Contributions of appreciated property to split-interest trusts, such as charitable remainder trusts, will no longer have the favorable treatment afforded under current law – likely making that deferral planning technique no longer viable. Transfers to S corporations and C corporations do not appear to generate gain, assuming those transfers qualify for the deferral provisions of Section 351.
This proposal radically alters the rules for recognition of income when it comes to capital assets. Under current law, there generally must be a sale or exchange of property to generate a capital gain. Because the proposal would “deem” a sale when in fact there was no sale, the taxpayer will not necessarily have the cash to pay the capital gains tax. Thus, the utmost care would need to be exercised to avoid the liquidity issues created by a “deemed” sale.
Carried (Profits) Interest
A partner’s share of profits and gain from an investment services partnership would be taxed as ordinary income, if the partner’s taxable income from all sources exceeds $400,000. The income would no longer be eligible for capital gain rates, and self-employment taxes also would apply. Income attributable to invested capital would continue to be treated as capital gain. The proposal would be effective for taxable years beginning after December 31, 2021.
Gain from Like-Kind Exchanges
Gains in excess of $500,000 ($1 million for married individuals filing jointly) from like-kind exchanges of real estate would be taxed in the year the property is transferred. Deferral of gain only up to $500,000 for each taxpayer ($1 million for married individuals filing jointly), each year, from like-kind exchanges of real estate would be allowed. The proposed effective date would be for exchanges completed in taxable years beginning after December 31, 2021.
Excess Business Loss Limitation
The excess business loss limitation on non-corporate taxpayers would be made permanent. The proposal would be effective for taxable years beginning after December 31, 2026.
Many of the current estate planning techniques will generate capital gain upon funding, such as transfers to grantor retained annuity trusts, transfers to “defective” grantor trusts and outright gifts to trusts for children and grandchildren. Under these proposals, there would be an income tax cost to estate planning transactions that would have to be considered.
The Green Book does not discuss eliminating the state and local taxes limitation, repealing or modifying the qualified business income deduction, reducing the lifetime estate tax exemption, or increasing the estate tax rate. These items were proposed during President Biden’s election campaign, in the American Families Plan, or in other proposals; however, the mere absence of these items in the Green Book does not mean that they are not still in play. They may become important bargaining chips as the Green Book proposals are discussed in Congress.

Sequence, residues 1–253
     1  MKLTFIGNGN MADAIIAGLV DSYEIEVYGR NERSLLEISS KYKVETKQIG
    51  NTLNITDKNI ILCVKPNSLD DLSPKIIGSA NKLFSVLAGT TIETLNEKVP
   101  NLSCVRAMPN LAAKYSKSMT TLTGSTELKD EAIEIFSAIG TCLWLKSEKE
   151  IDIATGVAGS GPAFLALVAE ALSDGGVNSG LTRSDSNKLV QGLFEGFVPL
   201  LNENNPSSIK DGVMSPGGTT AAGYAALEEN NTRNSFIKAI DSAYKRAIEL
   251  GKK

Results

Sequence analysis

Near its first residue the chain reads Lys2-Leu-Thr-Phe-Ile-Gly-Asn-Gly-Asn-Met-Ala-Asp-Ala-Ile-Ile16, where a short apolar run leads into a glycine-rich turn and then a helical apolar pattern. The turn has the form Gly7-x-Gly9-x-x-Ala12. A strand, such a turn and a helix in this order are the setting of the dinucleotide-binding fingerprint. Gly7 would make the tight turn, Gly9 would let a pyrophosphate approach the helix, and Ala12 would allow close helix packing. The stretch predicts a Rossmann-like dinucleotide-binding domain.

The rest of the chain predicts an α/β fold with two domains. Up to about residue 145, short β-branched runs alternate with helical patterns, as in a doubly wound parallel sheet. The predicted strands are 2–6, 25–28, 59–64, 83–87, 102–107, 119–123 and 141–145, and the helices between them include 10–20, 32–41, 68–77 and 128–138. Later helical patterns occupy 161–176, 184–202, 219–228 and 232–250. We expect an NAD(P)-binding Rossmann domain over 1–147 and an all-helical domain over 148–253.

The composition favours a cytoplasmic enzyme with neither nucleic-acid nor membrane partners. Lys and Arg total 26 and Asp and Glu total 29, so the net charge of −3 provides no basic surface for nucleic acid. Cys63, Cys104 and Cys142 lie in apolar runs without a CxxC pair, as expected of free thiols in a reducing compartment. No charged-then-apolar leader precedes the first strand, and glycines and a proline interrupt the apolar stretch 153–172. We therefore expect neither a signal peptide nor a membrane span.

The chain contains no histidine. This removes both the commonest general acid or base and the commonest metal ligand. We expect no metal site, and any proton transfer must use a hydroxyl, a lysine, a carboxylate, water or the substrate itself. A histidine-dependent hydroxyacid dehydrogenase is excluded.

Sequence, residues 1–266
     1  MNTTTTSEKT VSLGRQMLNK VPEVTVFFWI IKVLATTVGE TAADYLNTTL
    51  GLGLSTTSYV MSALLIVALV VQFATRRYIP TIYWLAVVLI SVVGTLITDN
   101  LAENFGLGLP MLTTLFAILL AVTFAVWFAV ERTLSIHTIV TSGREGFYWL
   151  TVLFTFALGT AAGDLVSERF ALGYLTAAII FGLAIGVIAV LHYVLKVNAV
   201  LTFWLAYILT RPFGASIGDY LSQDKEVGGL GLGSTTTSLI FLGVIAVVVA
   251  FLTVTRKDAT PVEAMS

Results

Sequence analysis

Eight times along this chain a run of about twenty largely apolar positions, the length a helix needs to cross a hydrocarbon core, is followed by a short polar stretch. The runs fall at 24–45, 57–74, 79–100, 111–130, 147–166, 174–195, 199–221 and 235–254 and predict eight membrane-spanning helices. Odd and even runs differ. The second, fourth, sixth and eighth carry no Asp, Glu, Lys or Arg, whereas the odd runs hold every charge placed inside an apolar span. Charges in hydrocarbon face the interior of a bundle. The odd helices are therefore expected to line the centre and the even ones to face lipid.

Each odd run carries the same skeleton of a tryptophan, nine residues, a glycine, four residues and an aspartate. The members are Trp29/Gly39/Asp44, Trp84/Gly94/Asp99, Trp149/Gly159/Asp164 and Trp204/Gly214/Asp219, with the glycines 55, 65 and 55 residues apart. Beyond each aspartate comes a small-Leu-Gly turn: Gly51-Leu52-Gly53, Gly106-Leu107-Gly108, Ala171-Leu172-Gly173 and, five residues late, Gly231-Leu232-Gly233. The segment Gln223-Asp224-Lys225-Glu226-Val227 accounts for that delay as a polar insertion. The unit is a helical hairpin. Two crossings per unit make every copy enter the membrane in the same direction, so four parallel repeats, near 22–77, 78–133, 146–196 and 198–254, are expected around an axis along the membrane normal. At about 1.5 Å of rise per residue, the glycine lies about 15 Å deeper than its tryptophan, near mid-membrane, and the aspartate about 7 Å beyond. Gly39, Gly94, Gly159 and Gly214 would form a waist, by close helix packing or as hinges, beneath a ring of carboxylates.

Prospects of Tax Legislation
Although the White House, House of Representatives and Senate are each in Democratic hands, the path to enacting tax legislation remains unclear. With a narrow majority in the House and a 50-50 margin in the Senate (with the Vice President breaking any tie), all Democratic members of Congress must agree to moving forward. The Senate, in particular, must be watched closely, as its current filibuster rules essentially allow any senator to block legislation, requiring 60 votes to invoke “cloture,” or to end the filibuster block. It is unlikely that 60 senators will agree to invoke cloture for any legislation.
In the face of certain filibuster, the only other option available to pass tax legislation in the Senate is the budget reconciliation process, which ultimately requires only a simple majority to pass budget-related legislation, which can include tax. The budget reconciliation process was utilized to pass the American Rescue Plan in March 2021.
Passing tax legislation through budget reconciliation does, however, have its drawbacks, such as policy changes that can be effective only during the budget window, which generally is 10 years. Most importantly, recent remarks from some moderate Senate Democrats suggest that they may resist further use of the budget reconciliation process this year, making the path to any tax legislation this year uncertain.
If you’re interested in learning more about the corporate and international tax proposals outlined in the Treasury’s Green Book, click here.